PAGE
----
The Olympics are here, which makes you excited! But you don’t know what to watch, which makes you upset! Never fear: Slate is here with a handy viewing guide guaranteed to maximize your viewing enjoyment while minimizing your Olympics-related stress headaches.
Thursday, Feb. 6: American snowboarder Shaun White spoke for many Olympians when he recently withdrew from the slopestyle snowboarding competition, citing concerns over the safety of the course. (On Monday, Norwegian snowboarder Torstein Horgmo broke his collarbone during a practice run on the slopestyle course.) Watch today’s slopestyle qualifiers to see if Olympic officials addressed the athletes’ concerns, or whether games personnel merely settled for putting a tarp on it.
Friday, Feb. 7: The 22nd Winter Olympics are officially called to order with an opening ceremony that, like all Olympics opening ceremonies, will serve as a tribute to the history and culture of the games’ host city and country. I’m not sure what Sochi has in store for the world, but if I know anything about Russia—which, to be clear, I do not—it’s probably safe to expect a montage of hair-raising dash-cam videos set to the “1812 Overture,” followed by an extended tribute to Vladimir Putin’s athletic prowess and the utterly gratuitous destruction of several billion dollars.
Saturday, Feb. 8: The ladies’ moguls freestyle skiing finals are up today, and Dartmouth student and Volvo enthusiast Hannah Kearney is a heavy favorite to repeat her 2010 gold medal performance. You, however, will be rooting for the three Dufour-Lapointe sisters—Maxime, Chloe, and Justine—all of whom will be skiing for Canada. An all-sibling podium would be great, especially if they subsequently go on TV and start finishing each other’s sentences like Donald Duck’s obnoxious nephews.
Sunday, Feb. 9: “Age is only a state of mind” is more than just a cloying coffee-mug sentiment for the numerous superannuated Olympians competing in this year’s games. Sochi features a sizeable contingent of athletes on the wrong side of 40, like 41-year-old Japanese ski jumper Noriaki Kasai, who last medaled in Lillehammer in 1994; 44-year-old Nepali cross-country skier Dachhiri Sherpa, who openly admits that “there is a very big chance I will finish last”; and 47-year-old Gary and 48-year-old Angelica di Silvestri, wealthy philanthropists who were named to Dominica’s cross-country-skiing team as a thank you for their charity work on the island. German speed-skater Claudia Pechstein, however, is likely the only fortysomething with a shot at medaling. The 41-year-old Pechstein goes today in the ladies’ 3000-meter race. Root for her to win—or at least to not succumb to arthritis before the race concludes.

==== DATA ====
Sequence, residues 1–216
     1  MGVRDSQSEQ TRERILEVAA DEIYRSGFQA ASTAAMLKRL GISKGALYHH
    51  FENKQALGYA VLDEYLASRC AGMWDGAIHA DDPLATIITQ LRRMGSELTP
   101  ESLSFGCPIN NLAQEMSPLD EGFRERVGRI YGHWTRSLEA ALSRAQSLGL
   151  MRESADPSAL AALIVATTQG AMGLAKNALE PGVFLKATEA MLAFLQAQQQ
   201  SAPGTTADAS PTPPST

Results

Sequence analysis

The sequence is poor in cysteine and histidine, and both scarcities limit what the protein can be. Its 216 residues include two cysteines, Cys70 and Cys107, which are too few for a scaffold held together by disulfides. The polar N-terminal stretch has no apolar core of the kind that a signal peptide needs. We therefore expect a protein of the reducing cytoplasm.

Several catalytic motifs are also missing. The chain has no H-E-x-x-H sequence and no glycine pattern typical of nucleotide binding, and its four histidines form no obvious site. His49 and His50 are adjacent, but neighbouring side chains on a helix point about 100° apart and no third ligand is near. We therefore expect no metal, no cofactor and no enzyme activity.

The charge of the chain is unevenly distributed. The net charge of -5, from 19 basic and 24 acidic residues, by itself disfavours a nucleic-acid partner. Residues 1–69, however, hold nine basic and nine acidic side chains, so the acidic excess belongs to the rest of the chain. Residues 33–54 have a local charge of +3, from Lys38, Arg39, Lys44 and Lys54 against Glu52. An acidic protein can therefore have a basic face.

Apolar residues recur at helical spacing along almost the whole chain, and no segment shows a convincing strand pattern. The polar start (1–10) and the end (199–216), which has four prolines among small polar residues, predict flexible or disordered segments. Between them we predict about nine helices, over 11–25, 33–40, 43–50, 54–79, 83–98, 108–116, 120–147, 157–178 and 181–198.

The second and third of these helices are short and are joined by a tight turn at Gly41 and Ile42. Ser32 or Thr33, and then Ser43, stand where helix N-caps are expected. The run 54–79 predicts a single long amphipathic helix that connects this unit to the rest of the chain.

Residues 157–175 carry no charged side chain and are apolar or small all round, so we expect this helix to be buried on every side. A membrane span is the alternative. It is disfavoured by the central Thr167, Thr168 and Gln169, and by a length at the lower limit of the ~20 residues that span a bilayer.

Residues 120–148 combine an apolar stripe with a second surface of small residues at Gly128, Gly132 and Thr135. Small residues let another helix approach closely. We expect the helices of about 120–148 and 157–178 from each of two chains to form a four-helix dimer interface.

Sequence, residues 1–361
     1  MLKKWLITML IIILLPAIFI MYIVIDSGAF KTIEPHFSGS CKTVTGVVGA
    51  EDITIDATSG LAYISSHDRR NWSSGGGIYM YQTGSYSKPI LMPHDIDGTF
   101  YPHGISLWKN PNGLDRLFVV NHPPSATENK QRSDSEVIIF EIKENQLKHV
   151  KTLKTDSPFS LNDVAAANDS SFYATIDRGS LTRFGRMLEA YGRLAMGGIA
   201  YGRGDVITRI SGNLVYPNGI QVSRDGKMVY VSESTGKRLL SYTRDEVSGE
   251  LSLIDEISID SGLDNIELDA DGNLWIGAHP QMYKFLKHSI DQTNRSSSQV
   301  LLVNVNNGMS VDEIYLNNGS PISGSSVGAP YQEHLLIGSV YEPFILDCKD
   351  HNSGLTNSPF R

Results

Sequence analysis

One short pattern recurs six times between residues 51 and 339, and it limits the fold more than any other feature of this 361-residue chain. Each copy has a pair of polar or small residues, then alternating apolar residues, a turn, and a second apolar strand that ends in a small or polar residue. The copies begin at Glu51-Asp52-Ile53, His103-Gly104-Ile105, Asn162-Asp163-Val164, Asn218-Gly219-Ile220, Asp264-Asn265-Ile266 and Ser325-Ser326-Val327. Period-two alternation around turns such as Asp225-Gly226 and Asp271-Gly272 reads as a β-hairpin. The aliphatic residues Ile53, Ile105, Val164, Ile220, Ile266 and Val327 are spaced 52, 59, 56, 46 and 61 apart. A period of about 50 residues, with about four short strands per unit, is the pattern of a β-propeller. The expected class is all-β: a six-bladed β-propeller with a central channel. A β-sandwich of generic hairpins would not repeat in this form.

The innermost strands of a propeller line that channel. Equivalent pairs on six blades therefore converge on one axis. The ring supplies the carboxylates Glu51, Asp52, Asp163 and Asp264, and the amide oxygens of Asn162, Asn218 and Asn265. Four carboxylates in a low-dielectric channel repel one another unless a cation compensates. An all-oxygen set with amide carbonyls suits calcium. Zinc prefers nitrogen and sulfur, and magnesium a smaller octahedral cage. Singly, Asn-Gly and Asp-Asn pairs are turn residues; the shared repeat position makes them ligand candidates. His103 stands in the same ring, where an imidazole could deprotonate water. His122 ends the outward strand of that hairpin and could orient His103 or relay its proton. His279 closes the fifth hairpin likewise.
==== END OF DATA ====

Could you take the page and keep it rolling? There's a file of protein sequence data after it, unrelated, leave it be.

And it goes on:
Monday, Feb. 10: Hooray, curling! Every four years, the world’s best balding and pudgy semi-athletes gather to wow us all with their precision broomsmanship and heavy-stone-sliding skills. It sounds like I’m mocking curling, but I’m not, really; the fact that there’s room in the Olympics for people who do not look good in Spandex gives hope to the rest of us lumpish couch-jockeys. Who should you root for as you follow the riveting round-robin action? I’d support the 45-year-old American curler Ann Swisshelm, who weirdly lists 1970s journeyman pitcher Dick Ruthven as one of her athletic heroes; Canadian skip Brad Jacobs, who works at a bank and looks like it; and the bleary-eyed American Jared Zezel, who, in his official photo on the Sochi 2014 website, looks like he got caught mid-snooze.
Tuesday, Feb. 11: Looking for some excitement today? Tune in to the women’s 10-kilometer pursuit biathlon event, in which gun-toting women chase after one another, stopping every now and then to fire a rifle. You’d think the Americans would be great at this sport, but they’re not, a state of affairs for which I can only blame the atheistic Democratic Party. If you’re looking for something a little bit less exciting, 31-year-old Kikkan Randall, America’s best—and, really, only—hope at taking a cross-country skiing medal, goes today in the ladies’ sprint event. The United States traditionally has been horrible at cross-country skiing, too, for which I also choose to blame the Democrats.
Wednesday, Feb. 12: Though American speed-skater Shani Davis is the favorite in today’s 1,000-meter race, I’d keep an eye on Kazakhstan’s Denis Kuzin, who has an added incentive to take the gold. According to Bloomberg Businessweek, Kazakhstan pays its Olympians a handsome $250,000 per gold medal won—the richest bonus of any country competing in the Games. Skate fast, Denis!
Thursday, Feb. 13: Answer: “Let’s talk about luge.” Question: “What are four words that you are almost guaranteed not to hear on NBC this year?” This is because Americans stink at luge, a sport that has long been controlled by central European nations with strong national traditions of reckless sledding. As you tune in to the team relay luge event today, at which, big surprise, the Germans are expected to dominate, call your congressman and insist that he take steps to revitalize America’s luge program, preferably by replacing our subway systems with perilous underground ice tunnels.
Friday, Feb. 14: The absence of American figure skater Evan Lysacek (who took gold in 2010) and the encroaching decrepitude of Russian champion Evgeni Plushenko (who took silver) leaves room for new blood to dominate today’s men’s singles event. Canadian skater Patrick Chan and Japan’s Yuzuru Hanyu are safe bets to medal, but keep an eye out for talented Canadian leaper Kevin Reynolds, too. Not only was Reynolds the first man to land two quadruple jumps in a single short program, he also apparently bears a strong resemblance to the lead character in the Japanese video game Chrono Trigger. If Reynolds collects enough gold coins to unlock “Victory Mode,” he could be very successful today.